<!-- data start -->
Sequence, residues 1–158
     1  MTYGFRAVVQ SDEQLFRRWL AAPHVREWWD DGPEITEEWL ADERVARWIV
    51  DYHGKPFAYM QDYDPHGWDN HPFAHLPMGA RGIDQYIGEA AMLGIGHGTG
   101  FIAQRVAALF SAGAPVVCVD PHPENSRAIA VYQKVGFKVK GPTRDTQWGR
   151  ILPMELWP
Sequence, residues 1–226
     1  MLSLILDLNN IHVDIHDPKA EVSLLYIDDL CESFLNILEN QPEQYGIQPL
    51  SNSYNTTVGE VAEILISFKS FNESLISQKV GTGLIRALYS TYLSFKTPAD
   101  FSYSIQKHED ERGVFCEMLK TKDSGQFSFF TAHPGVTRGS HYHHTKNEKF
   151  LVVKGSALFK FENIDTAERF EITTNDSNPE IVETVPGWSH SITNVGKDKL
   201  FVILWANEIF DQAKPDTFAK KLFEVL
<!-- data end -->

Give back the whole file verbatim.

Sequence, residues 1–158
     1  MTYGFRAVVQ SDEQLFRRWL AAPHVREWWD DGPEITEEWL ADERVARWIV
    51  DYHGKPFAYM QDYDPHGWDN HPFAHLPMGA RGIDQYIGEA AMLGIGHGTG
   101  FIAQRVAALF SAGAPVVCVD PHPENSRAIA VYQKVGFKVK GPTRDTQWGR
   151  ILPMELWP
Sequence, residues 1–226
     1  MLSLILDLNN IHVDIHDPKA EVSLLYIDDL CESFLNILEN QPEQYGIQPL
    51  SNSYNTTVGE VAEILISFKS FNESLISQKV GTGLIRALYS TYLSFKTPAD
   101  FSYSIQKHED ERGVFCEMLK TKDSGQFSFF TAHPGVTRGS HYHHTKNEKF
   151  LVVKGSALFK FENIDTAERF EITTNDSNPE IVETVPGWSH SITNVGKDKL
   201  FVILWANEIF DQAKPDTFAK KLFEVL